Tuesday, September 23, 2008

Profile: Professor John W. James

You'll find Professor John James in Room 513 of the RMC Gunn Building on most Wednesdays and Thursdays. And why would you be looking for him? Well, that bit is easy - he's a retired academic with a background in quantitative genetics, biostatistics, and computing applications, and since statistics in particular is the least favoured discipline of 99.9%* of biologists (*estimated using a thorough survey of this blog's editors), his skills and interests are very valuable.

John has retired from his post at the University of NSW, but his two days a week with us in the Vet Faculty shows that he has not been able to completely resist the siren call of academia. However, he does have other interests that keep him busy, including sport and literature.
This Renaissance Man and Fountain of Statistical Wisdom provided the following answers to our profile questions:

I was born... in 1935 at Rockhampton, the first of 7 children to 5 of whom Dad transmitted a Y chromosome. I did not pass on my copy, but my brothers have passed on 7 copies in all.

At school I... was called Jesse, after a well-known American, my resemblance to whom is, I believe, in name rather than character.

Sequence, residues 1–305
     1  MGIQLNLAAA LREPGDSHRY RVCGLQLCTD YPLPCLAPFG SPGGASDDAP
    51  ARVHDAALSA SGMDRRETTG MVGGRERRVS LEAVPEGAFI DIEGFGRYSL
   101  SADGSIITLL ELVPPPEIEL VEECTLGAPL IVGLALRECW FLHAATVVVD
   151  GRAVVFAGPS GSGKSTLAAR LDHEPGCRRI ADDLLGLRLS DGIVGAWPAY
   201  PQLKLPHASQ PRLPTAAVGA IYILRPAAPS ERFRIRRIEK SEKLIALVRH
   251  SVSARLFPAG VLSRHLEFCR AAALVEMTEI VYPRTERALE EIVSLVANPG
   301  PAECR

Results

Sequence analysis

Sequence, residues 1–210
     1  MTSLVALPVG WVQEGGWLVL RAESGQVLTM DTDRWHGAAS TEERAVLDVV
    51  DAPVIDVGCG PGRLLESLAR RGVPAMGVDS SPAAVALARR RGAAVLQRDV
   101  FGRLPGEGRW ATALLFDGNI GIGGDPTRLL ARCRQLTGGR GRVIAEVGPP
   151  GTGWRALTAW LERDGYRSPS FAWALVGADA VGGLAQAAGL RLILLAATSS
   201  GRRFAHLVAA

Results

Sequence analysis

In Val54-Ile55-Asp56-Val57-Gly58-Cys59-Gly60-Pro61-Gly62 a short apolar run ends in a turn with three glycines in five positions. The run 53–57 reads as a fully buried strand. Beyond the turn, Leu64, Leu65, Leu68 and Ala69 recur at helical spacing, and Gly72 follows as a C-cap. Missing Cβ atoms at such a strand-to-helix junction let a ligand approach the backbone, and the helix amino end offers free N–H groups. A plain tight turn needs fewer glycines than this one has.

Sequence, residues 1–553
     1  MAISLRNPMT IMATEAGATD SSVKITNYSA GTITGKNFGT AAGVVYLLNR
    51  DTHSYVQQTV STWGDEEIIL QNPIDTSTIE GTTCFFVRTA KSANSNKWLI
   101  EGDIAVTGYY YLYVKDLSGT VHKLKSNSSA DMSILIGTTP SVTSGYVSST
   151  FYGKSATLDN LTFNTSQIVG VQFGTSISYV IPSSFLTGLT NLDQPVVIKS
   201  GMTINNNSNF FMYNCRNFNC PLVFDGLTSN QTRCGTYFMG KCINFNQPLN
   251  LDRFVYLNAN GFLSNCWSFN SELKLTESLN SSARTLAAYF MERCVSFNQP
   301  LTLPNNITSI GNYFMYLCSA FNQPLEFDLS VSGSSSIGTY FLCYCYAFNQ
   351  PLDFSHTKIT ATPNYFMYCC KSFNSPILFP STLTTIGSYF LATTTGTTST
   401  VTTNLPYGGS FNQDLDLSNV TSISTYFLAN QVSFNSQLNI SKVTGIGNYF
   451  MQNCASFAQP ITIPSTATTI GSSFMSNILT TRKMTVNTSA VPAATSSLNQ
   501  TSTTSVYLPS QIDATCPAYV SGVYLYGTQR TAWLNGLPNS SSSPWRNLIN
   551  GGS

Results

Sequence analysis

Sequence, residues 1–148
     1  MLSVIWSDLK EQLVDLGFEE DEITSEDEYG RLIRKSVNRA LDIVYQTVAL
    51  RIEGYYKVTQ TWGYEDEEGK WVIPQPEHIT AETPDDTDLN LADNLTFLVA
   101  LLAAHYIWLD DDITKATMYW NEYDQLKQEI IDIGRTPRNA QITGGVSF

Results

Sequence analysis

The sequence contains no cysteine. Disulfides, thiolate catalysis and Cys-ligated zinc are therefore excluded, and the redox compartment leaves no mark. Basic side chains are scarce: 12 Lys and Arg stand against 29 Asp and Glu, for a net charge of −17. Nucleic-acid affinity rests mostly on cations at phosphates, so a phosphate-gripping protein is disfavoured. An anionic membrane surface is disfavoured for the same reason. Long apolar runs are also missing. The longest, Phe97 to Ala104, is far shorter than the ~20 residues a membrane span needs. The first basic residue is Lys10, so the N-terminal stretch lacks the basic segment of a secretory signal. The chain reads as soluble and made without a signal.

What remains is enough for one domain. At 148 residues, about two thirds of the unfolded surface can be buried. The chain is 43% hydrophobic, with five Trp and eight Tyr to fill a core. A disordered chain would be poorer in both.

My first relationship... was begun 50 years ago and still continues.

Friends say I... like any game that involves hitting or kicking a ball.

If I wasn't me I'd like to be... Roger Federer, hitting the ball so much better than I do.

At the moment I'm reading... (as usual) several books : The Secret River by Kate Grenville, Shostakovich and His World edited by Laurel Fay, Something to Declare by Julian Barnes, and once again An Introduction to Probability Theory and Its Applications by William Feller. This old favourite provides much entertainment and instruction, and includes an account of the Galton-Watson process which can be used to model Y chromosome transmission.

My worst job was... shovelling crushed ore back on to a conveyor belt in the No. 1 Mill at Mt. Morgan mine at the points where it had fallen off. By the time we had finished at the last point it was time to go back to the first.

At the moment I'm working... not very hard,

...which is interesting because... that is also the way I worked before I retired.

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